Thanksgiving leftovers are all gone. Too much turkey anyways. So, how about just something green? Like
Peter Cardew's Broccoli Pasta
Ingredients for two, or one, with microwave lunch at work another day.
* 1 crown of broccoli (200-300g)
* olive oil
* 2 anchovy fillets, from glass jar (they last longer)
* 1 fresh Thai chili, seeded (depending on taste) and chopped fine
* 1 large clove garlic, chopped fine
* enough pasta for two, dried not fresh. (For this, I prefer fettuccine or spaghetti.)
* cheese, grated (I prefer Romano with this, but it's up to your personal taste.)
* salt (maybe)
* pepper, a mix of white and black in your pepper grinder
In a large pot, boil salted water for the pasta while you are cooking the "sauce." (Turn to low when the water boils.)
Steam the broccoli crown for 5-6 minutes and set aside. This can be done ahead of time. Cut the broccoli into florets (approximately thumb size). Don't discard the stalks, dice them fine.
In a large saute pan, heat the olive oil over low heat. Add the chopped anchovies and the chopped Thai chili. Watch them carefully and stir with a wooden spoon until the anchovies soften and "melt." You don't want to burn them, or you'll have to start again. Add the chopped garlic and stir for no more than a minute.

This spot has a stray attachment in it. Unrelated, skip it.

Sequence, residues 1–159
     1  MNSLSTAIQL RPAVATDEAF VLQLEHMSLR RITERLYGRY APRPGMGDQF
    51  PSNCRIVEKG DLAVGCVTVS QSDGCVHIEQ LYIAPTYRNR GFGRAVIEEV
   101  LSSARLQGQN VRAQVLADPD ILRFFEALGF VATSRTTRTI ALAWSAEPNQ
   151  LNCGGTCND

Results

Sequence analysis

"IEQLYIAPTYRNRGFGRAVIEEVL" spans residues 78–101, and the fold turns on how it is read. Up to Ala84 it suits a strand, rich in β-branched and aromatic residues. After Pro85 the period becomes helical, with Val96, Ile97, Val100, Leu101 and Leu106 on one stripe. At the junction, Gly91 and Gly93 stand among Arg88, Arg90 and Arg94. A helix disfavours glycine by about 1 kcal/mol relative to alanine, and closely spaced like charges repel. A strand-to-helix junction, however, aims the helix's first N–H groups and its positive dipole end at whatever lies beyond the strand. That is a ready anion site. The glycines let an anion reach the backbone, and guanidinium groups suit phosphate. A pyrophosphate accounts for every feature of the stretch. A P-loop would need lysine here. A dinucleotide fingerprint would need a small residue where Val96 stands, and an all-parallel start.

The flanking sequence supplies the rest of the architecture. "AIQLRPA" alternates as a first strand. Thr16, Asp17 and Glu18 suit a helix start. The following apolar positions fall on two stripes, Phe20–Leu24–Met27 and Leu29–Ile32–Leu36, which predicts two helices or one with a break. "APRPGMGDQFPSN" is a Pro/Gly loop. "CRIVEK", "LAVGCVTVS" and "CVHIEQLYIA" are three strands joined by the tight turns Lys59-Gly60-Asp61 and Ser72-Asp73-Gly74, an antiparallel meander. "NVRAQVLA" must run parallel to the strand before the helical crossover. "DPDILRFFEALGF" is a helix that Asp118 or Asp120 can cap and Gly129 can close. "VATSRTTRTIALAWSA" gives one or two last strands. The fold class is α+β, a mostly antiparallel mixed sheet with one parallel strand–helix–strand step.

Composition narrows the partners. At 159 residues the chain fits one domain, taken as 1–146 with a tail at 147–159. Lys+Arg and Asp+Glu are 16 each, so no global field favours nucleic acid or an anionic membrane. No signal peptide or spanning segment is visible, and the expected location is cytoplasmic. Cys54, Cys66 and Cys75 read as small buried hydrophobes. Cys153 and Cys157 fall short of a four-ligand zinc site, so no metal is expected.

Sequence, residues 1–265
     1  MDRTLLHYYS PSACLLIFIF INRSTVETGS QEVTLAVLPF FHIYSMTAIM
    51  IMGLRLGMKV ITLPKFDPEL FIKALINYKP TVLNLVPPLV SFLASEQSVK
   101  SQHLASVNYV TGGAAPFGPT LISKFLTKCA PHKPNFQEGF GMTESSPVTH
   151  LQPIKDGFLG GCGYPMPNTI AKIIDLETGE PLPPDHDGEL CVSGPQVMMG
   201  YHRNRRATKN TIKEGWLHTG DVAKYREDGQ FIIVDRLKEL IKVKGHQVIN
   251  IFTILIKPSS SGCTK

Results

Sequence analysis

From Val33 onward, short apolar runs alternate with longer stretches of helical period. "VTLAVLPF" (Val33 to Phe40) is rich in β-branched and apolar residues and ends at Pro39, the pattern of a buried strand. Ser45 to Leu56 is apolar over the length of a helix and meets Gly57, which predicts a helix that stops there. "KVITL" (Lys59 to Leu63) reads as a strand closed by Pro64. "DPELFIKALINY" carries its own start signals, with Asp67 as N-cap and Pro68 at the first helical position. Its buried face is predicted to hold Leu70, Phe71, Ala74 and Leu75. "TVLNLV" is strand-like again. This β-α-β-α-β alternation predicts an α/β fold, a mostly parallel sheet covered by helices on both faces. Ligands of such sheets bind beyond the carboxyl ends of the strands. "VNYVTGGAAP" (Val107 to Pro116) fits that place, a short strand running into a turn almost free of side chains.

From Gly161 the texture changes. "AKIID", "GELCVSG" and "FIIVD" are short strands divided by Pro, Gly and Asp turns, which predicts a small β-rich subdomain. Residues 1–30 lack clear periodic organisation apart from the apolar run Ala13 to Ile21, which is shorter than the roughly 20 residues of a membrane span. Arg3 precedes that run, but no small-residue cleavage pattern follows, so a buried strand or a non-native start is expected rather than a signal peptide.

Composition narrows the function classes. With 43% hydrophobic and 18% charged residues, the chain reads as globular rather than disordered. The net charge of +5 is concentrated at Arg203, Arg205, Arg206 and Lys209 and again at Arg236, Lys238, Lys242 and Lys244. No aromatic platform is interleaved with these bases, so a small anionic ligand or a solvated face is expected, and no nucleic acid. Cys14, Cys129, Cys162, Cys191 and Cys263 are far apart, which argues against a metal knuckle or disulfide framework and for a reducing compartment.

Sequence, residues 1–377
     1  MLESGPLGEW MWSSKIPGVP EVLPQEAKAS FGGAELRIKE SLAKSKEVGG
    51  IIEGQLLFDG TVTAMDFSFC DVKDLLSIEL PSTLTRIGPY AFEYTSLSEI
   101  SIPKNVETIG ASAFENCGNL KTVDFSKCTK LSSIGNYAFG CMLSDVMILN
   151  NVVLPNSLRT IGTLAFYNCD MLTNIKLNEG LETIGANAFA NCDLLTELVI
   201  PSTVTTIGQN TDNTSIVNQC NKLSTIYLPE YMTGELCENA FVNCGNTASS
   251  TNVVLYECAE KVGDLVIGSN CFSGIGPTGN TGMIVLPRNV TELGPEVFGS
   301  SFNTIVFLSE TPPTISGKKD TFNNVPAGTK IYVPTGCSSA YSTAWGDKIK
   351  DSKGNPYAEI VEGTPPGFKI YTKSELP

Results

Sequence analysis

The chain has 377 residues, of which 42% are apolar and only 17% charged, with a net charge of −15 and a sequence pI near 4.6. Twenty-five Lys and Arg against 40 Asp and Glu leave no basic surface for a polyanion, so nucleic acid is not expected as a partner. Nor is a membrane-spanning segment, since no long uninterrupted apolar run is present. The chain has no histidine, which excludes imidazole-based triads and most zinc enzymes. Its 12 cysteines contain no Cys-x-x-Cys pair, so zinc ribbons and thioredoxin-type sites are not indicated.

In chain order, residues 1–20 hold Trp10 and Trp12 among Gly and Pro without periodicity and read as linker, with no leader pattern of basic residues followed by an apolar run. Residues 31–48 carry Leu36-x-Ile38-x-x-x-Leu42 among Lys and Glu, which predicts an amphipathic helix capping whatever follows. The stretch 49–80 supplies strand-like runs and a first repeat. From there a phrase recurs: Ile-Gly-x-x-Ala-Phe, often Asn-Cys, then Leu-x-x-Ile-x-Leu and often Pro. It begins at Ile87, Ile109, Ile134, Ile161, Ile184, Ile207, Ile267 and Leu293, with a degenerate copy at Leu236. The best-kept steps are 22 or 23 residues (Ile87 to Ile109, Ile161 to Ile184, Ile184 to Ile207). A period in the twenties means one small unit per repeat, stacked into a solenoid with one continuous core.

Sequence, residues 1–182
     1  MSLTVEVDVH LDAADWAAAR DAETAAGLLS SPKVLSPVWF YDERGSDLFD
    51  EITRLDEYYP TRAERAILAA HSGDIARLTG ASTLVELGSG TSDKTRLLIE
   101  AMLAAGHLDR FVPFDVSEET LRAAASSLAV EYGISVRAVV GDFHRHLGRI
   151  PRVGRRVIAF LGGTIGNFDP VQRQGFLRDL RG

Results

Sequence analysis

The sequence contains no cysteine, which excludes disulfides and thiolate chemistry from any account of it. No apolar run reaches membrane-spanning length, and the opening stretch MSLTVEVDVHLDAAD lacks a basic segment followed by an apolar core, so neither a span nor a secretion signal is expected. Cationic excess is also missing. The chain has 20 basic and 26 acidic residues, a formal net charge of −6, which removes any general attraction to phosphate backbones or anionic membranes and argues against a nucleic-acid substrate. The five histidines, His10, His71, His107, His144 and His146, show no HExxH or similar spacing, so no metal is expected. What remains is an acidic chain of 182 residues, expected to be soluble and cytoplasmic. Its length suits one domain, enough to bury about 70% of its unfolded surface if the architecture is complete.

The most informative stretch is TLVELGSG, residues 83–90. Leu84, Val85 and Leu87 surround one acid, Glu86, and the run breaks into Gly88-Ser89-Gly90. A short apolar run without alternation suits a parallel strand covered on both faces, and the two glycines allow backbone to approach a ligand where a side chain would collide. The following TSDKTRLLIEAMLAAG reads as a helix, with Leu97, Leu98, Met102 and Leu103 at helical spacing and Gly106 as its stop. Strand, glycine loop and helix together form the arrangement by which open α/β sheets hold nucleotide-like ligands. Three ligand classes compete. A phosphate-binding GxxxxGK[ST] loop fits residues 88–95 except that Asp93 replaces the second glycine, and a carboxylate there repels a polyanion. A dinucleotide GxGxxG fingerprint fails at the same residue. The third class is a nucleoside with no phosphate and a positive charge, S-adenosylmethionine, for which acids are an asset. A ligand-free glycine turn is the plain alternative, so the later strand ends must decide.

Add the steamed broccoli and stir with a wooden spoon for a couple of minutes to thoroughly combine all of the ingredients. Add a knob of butter for richness and keep warm on very low heat.
Add the pasta to the salted boiling water. Set the timer for two minutes less than specified on the package. Drain the pasta but keep back a few tablespoons of the pasta water.
Add the pasta to the sauce, still over low heat, and toss with tongs to thoroughly combine. If it's too wet, keep tossing over the heat. If it's too dry, add some of the reserved pasta water. You want the result to be neither wet, nor dry; you want it to be slippery.
Add the cheese and pepper and mix well into the pasta. Taste for salt, but with anchovies and salted pasta water, it may not be necessary.
When he's not eating, Peter Cardew is designing buildings.